Weekend Reads: Psst … 10 things your nanny won’t tell you
By Catey Hill – Marketwatch
It’s an attractive option for families striving to achieve a work-life balance but, before entering an agreement, it’s worthwhile considering the implications, as outlined by our friends at MarketWatch .
These are the things that nannies will not tell you about – until it’s too late.
1. “Your kid loves me more than you.”
Nannies spend so much time with children, some kids become more attached to their caretaker than to their own parents, says Chicago-area psychologist Elizabeth Lombardo. “I had a child ask to call me Mommy,” says former Atlanta nanny Sarena Brook Carter, 35, which, she adds, wasn’t surprising: “The parents were never there, I got the kids up and put them to bed and went everywhere with them.”
2. “You’re the worst part of my job.”
Parents are the worst part of the job, nannies say, for many reasons. They sometimes become jealous of the caretaker-child relationship and act out by yelling at the nanny, for instance. Or they develop typical terrible-boss behaviours: asking the nanny to do tasks he or she didn’t sign on for, demanding lots of extra work hours, or just being downright unpleasant to work with.
3. “I can’t save your kid’s life (or treat injuries).”
If a child is injured – or worse, in a life-and-death situation – the childcare provider may or may not know what to do. Some 13 per cent of nannies surveyed in the US admitted that they aren’t certified in CPR, and 20 per cent reported that they don’t have a first aid certification.
4. “My presence is a threat to your relationship.”
It’s not just the rich and famous who engage in a little hanky-panky with the nanny. While this behavior is rare, it does happen. Often, it’s because they’re convenient – the nanny is in the home – and there can be a high level of emotional intimacy because you are jointly caring for the child. Some couples actively seek out caretakers that neither one will be attracted to, experts say.
5. “You’re not paying me enough.”
Most nannies are paid under the table. This can be problematic for people employing domestic workers because it’s illegal in most cases. A US survey found only 38 per cent of nannies got a raise in 2011, only about half got a year-end bonus, and roughly one in four didn’t get compensated for travel expenses.
6. “I’ll sue you.”
Some childcare workers find that their working conditions are so awful, they’re worth going to court over. While it’s the celebrity cases that typically make the news – Sharon Stone and Alanis Morissette have been sued by their nannies – it’s not just famous people that get taken to court by their household help. The biggest thing that nannies sue their employers for is wages, as many nannies are entitled to minimum wage and overtime but don’t receive it. After that, the most common complaint is on-the-job injury.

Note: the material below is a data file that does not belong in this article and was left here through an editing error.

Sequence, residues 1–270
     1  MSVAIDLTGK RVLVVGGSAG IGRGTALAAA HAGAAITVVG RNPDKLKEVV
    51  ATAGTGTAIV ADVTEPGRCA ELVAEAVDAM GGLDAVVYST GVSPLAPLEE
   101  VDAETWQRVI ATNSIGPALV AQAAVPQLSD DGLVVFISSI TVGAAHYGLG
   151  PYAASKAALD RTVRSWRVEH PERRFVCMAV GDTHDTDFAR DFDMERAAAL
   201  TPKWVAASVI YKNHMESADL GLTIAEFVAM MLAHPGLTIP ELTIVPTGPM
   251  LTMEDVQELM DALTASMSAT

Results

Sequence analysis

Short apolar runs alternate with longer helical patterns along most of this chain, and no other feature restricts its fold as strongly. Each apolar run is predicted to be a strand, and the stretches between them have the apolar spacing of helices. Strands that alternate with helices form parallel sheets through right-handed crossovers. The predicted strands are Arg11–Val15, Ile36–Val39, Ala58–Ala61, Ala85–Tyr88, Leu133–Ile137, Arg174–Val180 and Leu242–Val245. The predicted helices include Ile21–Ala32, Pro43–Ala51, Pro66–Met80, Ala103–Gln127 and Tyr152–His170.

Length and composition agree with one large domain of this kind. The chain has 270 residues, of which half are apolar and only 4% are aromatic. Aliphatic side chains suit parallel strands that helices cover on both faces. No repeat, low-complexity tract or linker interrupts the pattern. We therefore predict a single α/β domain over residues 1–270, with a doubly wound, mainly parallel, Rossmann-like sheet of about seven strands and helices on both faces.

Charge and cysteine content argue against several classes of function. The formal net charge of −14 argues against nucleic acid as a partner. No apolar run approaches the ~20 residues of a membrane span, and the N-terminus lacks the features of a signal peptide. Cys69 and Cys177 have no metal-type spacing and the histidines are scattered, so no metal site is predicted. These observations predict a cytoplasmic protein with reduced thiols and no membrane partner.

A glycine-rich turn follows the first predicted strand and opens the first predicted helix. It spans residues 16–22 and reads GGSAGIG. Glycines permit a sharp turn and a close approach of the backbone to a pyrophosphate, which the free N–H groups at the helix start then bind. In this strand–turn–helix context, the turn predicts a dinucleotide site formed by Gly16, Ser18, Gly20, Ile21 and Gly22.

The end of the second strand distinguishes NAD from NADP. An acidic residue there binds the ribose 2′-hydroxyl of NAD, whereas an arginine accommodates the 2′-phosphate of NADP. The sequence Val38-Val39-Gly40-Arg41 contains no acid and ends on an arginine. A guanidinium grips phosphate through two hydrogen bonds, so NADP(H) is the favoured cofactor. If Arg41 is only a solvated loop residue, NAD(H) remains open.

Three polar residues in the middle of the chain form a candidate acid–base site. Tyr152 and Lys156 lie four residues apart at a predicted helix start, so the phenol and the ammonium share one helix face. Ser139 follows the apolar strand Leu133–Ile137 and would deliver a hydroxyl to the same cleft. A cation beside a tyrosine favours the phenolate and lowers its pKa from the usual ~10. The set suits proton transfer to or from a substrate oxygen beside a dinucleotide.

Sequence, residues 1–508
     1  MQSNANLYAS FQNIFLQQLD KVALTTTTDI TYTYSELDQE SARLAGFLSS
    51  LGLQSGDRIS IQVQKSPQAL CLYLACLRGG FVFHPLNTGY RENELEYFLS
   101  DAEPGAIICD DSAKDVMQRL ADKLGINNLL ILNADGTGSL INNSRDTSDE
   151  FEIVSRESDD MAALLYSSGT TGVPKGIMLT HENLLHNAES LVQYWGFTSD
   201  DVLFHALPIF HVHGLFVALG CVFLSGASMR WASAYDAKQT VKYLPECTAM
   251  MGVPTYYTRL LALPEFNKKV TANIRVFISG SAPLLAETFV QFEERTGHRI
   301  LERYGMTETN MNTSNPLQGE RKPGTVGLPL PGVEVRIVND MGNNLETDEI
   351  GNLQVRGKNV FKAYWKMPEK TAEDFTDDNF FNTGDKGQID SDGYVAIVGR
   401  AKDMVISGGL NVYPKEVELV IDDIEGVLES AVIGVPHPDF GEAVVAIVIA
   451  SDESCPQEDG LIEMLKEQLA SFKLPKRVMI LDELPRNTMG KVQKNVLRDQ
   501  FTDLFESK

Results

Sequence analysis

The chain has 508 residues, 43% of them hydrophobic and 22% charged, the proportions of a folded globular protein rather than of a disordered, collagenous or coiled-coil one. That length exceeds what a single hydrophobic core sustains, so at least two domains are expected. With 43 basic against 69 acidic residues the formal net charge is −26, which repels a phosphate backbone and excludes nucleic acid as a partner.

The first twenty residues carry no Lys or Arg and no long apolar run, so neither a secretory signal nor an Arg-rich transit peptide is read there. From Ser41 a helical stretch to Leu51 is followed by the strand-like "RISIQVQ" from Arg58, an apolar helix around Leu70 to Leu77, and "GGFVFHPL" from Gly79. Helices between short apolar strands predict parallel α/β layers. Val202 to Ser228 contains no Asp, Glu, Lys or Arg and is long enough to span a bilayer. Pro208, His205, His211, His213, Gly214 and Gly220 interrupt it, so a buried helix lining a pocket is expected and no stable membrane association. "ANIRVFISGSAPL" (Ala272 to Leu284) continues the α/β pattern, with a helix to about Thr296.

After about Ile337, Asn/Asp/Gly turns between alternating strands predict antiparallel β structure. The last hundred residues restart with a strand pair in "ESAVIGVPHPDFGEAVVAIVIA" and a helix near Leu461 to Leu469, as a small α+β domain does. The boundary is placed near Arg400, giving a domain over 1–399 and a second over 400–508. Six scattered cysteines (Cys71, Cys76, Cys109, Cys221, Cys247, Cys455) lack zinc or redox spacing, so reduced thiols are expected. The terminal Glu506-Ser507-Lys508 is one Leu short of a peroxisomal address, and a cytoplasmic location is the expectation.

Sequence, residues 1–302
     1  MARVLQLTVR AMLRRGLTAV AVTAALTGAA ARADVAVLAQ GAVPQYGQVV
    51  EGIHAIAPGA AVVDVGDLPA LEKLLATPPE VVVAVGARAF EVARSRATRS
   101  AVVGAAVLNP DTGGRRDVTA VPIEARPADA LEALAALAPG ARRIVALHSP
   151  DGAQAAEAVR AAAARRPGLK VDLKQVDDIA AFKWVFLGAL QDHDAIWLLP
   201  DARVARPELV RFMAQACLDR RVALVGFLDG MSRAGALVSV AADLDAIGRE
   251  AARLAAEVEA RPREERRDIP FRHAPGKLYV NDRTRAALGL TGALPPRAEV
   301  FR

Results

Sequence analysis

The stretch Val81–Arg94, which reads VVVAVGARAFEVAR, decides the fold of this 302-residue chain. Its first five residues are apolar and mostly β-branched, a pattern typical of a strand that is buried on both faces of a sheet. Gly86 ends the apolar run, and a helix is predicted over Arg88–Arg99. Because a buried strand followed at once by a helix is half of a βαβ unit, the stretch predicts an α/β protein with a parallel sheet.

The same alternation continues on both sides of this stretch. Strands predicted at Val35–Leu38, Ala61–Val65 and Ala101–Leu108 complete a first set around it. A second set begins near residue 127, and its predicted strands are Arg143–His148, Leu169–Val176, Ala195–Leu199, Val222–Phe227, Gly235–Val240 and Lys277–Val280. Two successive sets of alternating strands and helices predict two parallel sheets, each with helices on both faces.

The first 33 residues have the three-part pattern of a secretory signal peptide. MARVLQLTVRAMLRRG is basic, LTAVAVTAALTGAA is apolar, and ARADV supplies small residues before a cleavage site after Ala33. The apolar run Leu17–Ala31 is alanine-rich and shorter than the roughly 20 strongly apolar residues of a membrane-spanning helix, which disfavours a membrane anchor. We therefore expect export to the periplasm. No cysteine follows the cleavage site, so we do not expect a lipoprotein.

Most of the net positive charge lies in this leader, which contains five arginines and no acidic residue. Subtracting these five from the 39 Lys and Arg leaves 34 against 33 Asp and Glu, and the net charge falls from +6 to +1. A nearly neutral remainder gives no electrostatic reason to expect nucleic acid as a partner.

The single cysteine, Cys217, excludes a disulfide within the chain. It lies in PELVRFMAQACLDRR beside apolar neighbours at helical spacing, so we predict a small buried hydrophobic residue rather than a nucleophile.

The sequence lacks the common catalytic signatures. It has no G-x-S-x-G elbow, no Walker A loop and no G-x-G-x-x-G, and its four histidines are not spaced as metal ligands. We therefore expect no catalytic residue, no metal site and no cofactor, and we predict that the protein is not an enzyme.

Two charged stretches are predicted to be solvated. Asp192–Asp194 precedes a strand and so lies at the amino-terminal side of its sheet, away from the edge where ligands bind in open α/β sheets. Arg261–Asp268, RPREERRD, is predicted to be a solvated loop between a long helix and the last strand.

7. “I’m smarter than you are.”
Childcare providers nowadays are often better-educated than in previous decades. Within the relatively elite circle of nannies surveyed in the US in 2011, 85 per cent have a least some college under their belt, 30 per cent have a bachelor’s degree, and 6 per cent have a master’s or Ph.D. Conequently wages increase as skills increase.
8. “Your secret’s not safe with me.”
What happens in your home doesn’t always stay in your home. Nannies talk to each other, friends and sometimes (ahem) the media about their bosses. Former nanny Pam Behan, for example, wrote a book – Malibu Nanny – about her experiences as a nanny for the Kardashian clan; former nanny Suzanne Hansen did the same, penning You’ll Never Nanny in This Town Again (published in 2006) about her experiences working for a high-powered Hollywood agent among others.
9. “I know about that nanny cam.”
More and more parents are using nanny cams to “secretly” spy on their nannies: Brickhouse Security, a leading US security and surveillance firm, says it has seen a spike in both sales and searches for nanny cams on its site.
10. “You’d better do a thorough background check on me.”
Unlike many other professions, like doctors and lawyers, there is no official license required to serve as a nanny. In the US, only six per cent of nannies have attended nanny training school, and nearly 16 per cent of nannies have three or fewer years of experience. These facts make it especially important for parents to thoroughly check a child caretaker’s background.